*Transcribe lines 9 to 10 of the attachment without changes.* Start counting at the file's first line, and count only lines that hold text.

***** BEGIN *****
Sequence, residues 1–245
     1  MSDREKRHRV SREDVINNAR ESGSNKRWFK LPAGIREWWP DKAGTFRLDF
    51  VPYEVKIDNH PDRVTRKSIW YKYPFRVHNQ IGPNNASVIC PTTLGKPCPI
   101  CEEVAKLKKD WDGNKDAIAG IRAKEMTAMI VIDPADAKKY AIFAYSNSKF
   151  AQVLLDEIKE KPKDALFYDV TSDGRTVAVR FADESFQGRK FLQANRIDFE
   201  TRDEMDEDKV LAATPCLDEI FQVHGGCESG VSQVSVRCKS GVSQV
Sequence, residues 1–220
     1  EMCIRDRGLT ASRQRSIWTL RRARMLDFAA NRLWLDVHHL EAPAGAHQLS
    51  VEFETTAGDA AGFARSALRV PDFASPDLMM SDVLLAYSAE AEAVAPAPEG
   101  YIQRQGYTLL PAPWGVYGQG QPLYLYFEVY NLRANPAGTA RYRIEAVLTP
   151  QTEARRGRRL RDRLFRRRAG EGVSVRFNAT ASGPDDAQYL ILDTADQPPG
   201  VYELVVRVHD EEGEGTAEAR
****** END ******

    51  VEFETTAGDA AGFARSALRV PDFASPDLMM SDVLLAYSAE AEAVAPAPEG
   101  YIQRQGYTLL PAPWGVYGQG QPLYLYFEVY NLRANPAGTA RYRIEAVLTP